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Why Nigeria’s quest for sustainable energy may come to nought – Expert

The European Union announced recently that all power plant based on black oil would be faced out as from 2010. Currently Nigeria is grappling to…

The European Union announced recently that all power plant based on black oil would be faced out as from 2010.

Currently Nigeria is grappling to achieve 6000 megawatts of electricity by 2010 from the present less than 3,000 megawatts.

Umoru observed that with recent shift in foreign policy and investment options in economies Nigeria’s hydro energy option might soon be faced out and replaced with newer green energy compliant technologies, thus if Nigeria did not shift focus, the new policy abroad would have far reaching implications as spare parts would no longer be available for Nigeria’s hydro and thermal plants.

Based on this paradigm shift he explained in the paper entitled “National development policy options for Nigeria in this millennium” that, the new thinking and orientation of donor countries in the matter of “Energy” (power) in the new millennium, is green energy to save the world from pollution.”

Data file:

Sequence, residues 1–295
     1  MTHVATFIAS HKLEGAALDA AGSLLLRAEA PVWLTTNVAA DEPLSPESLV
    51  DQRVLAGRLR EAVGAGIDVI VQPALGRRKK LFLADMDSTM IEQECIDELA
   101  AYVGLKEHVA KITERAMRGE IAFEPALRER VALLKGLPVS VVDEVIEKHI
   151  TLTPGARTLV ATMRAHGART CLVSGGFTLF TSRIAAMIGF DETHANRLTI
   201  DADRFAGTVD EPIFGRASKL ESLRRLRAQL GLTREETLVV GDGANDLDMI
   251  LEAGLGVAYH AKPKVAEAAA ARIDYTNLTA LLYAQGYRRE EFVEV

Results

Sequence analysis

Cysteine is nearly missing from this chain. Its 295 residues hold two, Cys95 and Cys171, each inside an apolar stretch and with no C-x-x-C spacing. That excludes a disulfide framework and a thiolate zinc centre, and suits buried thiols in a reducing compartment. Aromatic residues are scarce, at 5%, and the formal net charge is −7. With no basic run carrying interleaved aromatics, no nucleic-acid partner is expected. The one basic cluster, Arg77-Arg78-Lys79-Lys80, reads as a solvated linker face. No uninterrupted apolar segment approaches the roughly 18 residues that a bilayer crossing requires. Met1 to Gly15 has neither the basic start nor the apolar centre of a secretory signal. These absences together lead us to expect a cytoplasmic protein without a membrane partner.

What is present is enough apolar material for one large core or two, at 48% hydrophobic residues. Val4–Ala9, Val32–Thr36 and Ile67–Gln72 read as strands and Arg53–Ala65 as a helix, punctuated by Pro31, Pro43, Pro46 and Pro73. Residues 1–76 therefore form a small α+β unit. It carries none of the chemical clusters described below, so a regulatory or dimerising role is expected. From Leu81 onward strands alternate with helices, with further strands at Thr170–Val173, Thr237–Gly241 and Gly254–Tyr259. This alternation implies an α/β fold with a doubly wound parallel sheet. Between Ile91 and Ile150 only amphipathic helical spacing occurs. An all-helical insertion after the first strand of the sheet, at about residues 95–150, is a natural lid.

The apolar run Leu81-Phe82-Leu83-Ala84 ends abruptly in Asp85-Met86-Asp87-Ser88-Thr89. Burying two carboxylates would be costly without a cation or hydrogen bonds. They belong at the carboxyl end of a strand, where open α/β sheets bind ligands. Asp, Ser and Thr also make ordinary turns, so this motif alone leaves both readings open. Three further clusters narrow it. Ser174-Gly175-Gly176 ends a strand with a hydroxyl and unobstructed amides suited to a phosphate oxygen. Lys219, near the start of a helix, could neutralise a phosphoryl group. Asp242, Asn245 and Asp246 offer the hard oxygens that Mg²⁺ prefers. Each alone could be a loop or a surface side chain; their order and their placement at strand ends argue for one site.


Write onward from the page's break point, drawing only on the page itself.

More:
According to Umoru, “This poses a serious challenge to the reliance on Hydro, Thermal, and Gas sources of power, because very soon the conventional generator used to propel turbines etc, and their spare parts will be very difficult to obtain.”

He  added, “The climate change is already causing lakes and seas to dry up. Our Kainji and Shiroro dams that depend on our rivers would be no exception. All this means that a country that relies on Hydro, and Thermal will have difficulty in getting donor countries support for power generation projects.”

He advised Nigeria planners to heed the call made recently by the Minister of Energy (Power) for a comprehensive master plan for sources of power supply to sustain Nigerian economy.